Welsh police forces criticised over domestic abuse
Three of Wales' four police forces have been told they must do better to protect and support vulnerable people and domestic abuse victims.
Her Majesty's Inspectorate of Constabulary (HMIC) said the south Wales, Dyfed-Powys and north Wales forces all "required improvement".
Gwent Police was the only one ranked "good".
The watchdog examined how effective forces are at protecting the vulnerable from harm, and supporting victims.
The reviews are part of HMIC's annual inspection of England and Wales' 43 forces.
North Wales Police
- Progress in tackling child sex abuse is hindered by it failing to accurately identify vulnerability at the first point of contact, and matching an officer's skills and experience to the victim's vulnerability
- However, it is just one of three forces across England and Wales to see a fall in the number of domestic abuse offences for the 12 months to March 2015 against the 12 months to August 2013
- Lacked professional expertise to investigate domestic abuse
- Handling procedures for 999 or 101 calls also need improvement
- But HMIC recognised the force is investing in more specialist investigators
- The force has a domestic abuse arrest rates for the 12 months to March 2015 of more than 80% - the second highest reported in Wales and England
South Wales Police
- Praised for its level of help for those most at risk of domestic abuse
- The force does not fully understand the nature and scale of missing people, and has no structured supervision of victim-focused activity
- The force must improve its response to domestic abuse by ensuring it provides victims of cases assessed at standard and medium risk with an effective and consistent safeguarding service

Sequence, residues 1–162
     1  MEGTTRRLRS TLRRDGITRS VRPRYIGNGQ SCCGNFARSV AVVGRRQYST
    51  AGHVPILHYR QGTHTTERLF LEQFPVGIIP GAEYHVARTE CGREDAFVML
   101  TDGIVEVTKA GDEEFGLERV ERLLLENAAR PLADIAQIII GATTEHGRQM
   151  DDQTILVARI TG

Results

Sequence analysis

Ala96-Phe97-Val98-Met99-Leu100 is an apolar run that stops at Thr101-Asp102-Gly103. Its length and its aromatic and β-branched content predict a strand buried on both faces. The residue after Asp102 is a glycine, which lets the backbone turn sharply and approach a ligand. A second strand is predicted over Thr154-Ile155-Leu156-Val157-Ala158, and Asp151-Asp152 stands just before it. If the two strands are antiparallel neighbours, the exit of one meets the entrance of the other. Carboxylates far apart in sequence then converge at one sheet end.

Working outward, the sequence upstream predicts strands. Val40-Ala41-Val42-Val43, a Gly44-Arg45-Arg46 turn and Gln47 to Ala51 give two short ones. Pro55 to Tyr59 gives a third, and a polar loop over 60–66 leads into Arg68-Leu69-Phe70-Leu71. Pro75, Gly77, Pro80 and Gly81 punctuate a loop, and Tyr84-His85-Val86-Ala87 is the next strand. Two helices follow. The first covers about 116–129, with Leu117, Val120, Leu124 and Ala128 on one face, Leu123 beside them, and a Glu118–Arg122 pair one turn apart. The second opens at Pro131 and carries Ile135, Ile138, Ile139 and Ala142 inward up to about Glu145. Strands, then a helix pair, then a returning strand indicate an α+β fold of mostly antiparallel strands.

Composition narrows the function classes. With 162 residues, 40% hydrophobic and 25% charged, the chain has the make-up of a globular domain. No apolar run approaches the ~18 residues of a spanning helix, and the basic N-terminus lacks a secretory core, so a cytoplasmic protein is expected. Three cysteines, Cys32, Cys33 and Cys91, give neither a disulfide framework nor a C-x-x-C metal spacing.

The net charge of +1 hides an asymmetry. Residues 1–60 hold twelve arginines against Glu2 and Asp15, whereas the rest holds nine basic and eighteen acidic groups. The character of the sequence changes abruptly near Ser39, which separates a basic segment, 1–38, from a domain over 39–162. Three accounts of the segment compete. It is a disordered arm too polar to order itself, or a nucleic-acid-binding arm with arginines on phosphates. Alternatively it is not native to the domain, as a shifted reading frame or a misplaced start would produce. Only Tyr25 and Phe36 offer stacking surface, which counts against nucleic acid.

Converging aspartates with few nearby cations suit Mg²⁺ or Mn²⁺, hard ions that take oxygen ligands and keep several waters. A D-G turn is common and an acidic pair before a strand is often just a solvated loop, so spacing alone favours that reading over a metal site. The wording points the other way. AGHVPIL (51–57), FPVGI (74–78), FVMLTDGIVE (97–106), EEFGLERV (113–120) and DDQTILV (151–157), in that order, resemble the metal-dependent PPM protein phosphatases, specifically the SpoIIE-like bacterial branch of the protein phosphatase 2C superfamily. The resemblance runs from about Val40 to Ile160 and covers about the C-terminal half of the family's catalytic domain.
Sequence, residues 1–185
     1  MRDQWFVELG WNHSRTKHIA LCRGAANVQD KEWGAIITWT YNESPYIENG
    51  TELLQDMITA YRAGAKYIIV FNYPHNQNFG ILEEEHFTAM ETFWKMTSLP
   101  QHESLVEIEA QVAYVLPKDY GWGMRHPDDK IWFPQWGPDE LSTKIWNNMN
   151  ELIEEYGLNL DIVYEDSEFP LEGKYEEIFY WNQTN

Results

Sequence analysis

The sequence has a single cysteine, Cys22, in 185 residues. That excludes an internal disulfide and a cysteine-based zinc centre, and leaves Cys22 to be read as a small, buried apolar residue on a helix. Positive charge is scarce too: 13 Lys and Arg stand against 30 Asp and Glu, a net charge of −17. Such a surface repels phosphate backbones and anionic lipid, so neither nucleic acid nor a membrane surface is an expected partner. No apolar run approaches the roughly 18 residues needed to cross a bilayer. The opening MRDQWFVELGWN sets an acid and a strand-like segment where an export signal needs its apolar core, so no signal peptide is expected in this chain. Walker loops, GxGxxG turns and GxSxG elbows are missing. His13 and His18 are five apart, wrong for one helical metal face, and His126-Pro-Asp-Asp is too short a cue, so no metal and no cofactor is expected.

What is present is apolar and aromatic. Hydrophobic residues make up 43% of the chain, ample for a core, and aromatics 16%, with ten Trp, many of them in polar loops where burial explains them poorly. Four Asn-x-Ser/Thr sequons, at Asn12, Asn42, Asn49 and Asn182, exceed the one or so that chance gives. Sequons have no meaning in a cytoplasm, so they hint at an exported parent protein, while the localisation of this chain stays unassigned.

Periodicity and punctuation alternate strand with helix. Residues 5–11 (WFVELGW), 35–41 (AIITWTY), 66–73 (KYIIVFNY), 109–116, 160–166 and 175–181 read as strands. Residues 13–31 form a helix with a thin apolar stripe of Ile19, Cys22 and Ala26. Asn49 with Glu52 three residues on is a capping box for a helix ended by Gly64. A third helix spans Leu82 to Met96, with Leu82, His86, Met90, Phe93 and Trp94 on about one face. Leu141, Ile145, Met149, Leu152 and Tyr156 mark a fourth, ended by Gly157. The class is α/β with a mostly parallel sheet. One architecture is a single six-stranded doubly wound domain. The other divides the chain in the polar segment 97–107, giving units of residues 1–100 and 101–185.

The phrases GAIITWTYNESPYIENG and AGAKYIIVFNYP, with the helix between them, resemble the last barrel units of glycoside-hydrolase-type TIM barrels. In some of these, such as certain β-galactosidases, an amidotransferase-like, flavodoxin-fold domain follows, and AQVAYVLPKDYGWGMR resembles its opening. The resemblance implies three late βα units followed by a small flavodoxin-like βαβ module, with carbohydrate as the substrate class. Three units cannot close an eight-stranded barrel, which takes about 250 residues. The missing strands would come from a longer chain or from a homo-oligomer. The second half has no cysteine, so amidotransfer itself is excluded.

- The only force in Wales to receive a "good" rating by HMIC
- Domestic abuse is a clear priority for the force and it has made good progress against its domestic abuse action plan
- It was commended for making tackling domestic abuse a "clear priority"
- This comes as the watchdog's figures show the force had one of the highest rates of domestic abuse in the 12 months to March 2015
It has previously been severely criticised over its handling of domestic abuse allegations.
- The murders of Kim Buckley, her daughter Kayleigh and baby Kimberley, who died when Kayleigh's violent partner Carl Mills set fire to their home in Cwmbran in September 2012. Two Gwent Police officers were disciplined after independent reviews of the case concluded the family might still be alive if proper checks had been done on Mills's background
- The murder of Caroline Parry, who was shot dead by her estranged husband, Christopher Parry, near her home in Newport in August 2013. Gwent Police was criticised for its handling of a string of complaints from Mrs Parry in the run-up to her death
- Christine Evans, who was stabbed several times by her ex-partner, Martin Bowen, in July 2014. Ms Evans survived and Bowen was jailed for eight years for grievous bodily harm. Five police officers and two call centre staff at Gwent Police were investigated by the Independent Police Complaints Commission (IPCC)
- Charmaine Lewis was subjected to a brutal hammer attack by her partner in August 2011, shortly after she had been driven back to her flat by a South Wales Police officer. The IPCC ruled Ms Lewis, who survived the attack, was let down by the force
- Joanna Michael, who was stabbed to death by her ex-boyfriend Cyron Williams in 2009 while waiting for South Wales Police and Gwent Police to respond to her 999 call for help
Responding to Tuesday's review, Gwent's police and crime commissioner Ian Johnston said: "This report is very good news and a fantastic turnaround when you consider the criticism the force took a few years ago, how it was graded in this area and the challenging financial climate we have had to work in."
HM Inspector Wendy Williams said the force had made good progress and domestic abuse was now a clear priority.
'Protect the vulnerable'
However, South Wales Police Ass Ch Con Nikki Holland said she was disappointed by the report.
"The report looks at procedures and practices that were in place at the time of the inspection but doesn't take into account the good work that the force and the commissioner's team had already started, which addresses a lot of the suggestions for improvement," she added.
A Dyfed-Powys spokesman said: "We are delighted that the inspectorate recognised that Dyfed-Powys Police has a strong ethic to protect the vulnerable, with good support from partners.
"The force has already commenced work in relation to the identified areas for improvement."
North Wales Police and Crime Commissioner Winston Roddick said the force, which was told it could do more to tackle child sex abuse, had set up a victim help centre and had employed experts to support people affected by child sexual exploitation.